Dare to Ask: Mom seeks nudist camp for 14-year-old son
By Phillip Milano
The Florida Times-Union
Is there a nudist camp in Europe that can handle my request that my son of 14
be made to stay completely nude for an entire stay next summer when he is out of
school? -- Megan, 34, nudist, Paris
That is a horrible thing to do to someone. -- Norbert, 17, Minnesota.
If my parent forced me to be nude, whether I liked it or not, I would hate
them and question their motives. Camp is supposed to be fun, not a summer of
hell. -- Britt, female, Washington, D.C.
That's called "child abuse." I'm not sure what you think you're accomplishing
by planning to shove your lifestyle down his throat, but ... he'll hate you for
the rest of his life. Have fun with that. -- Ann, 39, Kansas City, Mo.
Don't most parents "shove" their lifestyle down their kids' throats? --
Rochelle, Williston, N.D.
We're not sure what they make young'uns do in those high-falutin' Europe
parts, but in these good ol' U.S. of A. parts, we don't like to force 'em to
show their parts.
Sure, we may dress our 5-year-olds in stripper-tops that say "Juicy" or "You
Want This" on them, but just because someone's got a sleazy mom, does anyone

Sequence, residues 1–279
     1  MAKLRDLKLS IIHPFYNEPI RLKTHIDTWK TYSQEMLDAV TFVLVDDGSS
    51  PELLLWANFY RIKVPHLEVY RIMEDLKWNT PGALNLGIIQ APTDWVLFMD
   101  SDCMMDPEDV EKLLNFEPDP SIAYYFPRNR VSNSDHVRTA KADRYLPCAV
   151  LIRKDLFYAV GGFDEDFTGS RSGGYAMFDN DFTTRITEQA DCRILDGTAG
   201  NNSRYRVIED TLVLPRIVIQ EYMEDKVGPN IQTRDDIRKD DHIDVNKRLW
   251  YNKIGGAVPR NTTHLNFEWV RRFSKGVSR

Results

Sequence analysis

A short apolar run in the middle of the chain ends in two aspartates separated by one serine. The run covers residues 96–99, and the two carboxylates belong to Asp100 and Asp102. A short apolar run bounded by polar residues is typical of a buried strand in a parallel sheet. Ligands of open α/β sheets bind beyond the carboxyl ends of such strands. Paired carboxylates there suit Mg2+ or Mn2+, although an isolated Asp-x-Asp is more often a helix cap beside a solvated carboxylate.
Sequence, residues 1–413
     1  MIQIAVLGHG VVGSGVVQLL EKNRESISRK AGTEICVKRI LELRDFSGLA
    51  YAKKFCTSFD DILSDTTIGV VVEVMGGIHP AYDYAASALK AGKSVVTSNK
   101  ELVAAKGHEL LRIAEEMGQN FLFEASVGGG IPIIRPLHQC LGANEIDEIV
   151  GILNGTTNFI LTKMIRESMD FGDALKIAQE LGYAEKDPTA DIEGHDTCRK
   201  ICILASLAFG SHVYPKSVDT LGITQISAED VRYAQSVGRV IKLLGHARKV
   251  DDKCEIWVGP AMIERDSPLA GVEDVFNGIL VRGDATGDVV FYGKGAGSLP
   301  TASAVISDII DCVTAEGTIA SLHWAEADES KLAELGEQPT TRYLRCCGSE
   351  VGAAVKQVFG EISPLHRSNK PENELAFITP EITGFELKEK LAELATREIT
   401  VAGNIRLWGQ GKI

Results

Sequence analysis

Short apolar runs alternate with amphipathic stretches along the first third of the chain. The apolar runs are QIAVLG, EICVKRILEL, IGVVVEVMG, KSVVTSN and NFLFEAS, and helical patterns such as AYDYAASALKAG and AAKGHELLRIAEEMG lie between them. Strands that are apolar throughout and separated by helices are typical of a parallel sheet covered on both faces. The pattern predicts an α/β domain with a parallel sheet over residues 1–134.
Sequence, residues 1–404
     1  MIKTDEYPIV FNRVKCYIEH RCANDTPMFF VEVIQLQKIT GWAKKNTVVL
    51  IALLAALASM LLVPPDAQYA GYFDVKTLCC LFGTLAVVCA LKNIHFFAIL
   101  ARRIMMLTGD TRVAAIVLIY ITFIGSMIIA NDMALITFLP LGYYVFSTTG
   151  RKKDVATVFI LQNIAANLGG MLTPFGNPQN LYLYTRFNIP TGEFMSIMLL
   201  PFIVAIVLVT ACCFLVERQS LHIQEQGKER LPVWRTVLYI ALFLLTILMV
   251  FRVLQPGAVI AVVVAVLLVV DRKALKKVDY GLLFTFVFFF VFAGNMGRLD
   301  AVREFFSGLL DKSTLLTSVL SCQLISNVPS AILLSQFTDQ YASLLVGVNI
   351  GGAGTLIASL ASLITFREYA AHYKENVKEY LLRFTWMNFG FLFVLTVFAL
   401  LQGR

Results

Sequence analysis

really put stock in that famous saying about the apple not falling far from the
Nicky Hoffman of the 25,000-member Naturist Society, which "promotes body
acceptance through clothing-optional recreation," said most 14-year-olds are
body-conscious and don't want to be in the buff.
"And they're certainly not going to a camp with Mom and Dad. That's all
teens, not just naturists."
The worst thing to do is force them, she said.
"They might be very embarrassed. And I'm sorry to say, but if a child is very
upset and talks about it and it gets out, a mother could lose custody."
But are there long-term negative psychological effects on a kid going
"I don't think so. We've done polls and found that just about everyone has
skinny-dipped with others at some point. The key thing is it has to be their
Some might wonder if it's OK at all to raise a child in a nudist culture.
Hoffman said that first, measures are taken to protect children at resorts or
beaches, through self-policing and guidelines. More importantly, letting it all
hang out fosters a healthy body image.
"We call our parts by the appropriate names and aren't ashamed of them.
There's no 'pee-pee' in naturism. We know our parts and what they are for."
Naturists tend to have lower numbers of teen pregnancies, she said. Girls and
boys learn about inappropriate actions, and how not to clamor for attention or
denigrate themselves or others for "imperfections."
"They end up with a deeper respect for the opposite sex," she said. "It's
like there's no surprises. We look deeper than the surface ... you may grow up
feeling intimidated talking to a doctor if he's got his suit and tie on, but
when there's no clothes on anyone, it's an even playing field."
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Phillip Milano, author of I Can't Believe You Asked That! (Perigee),
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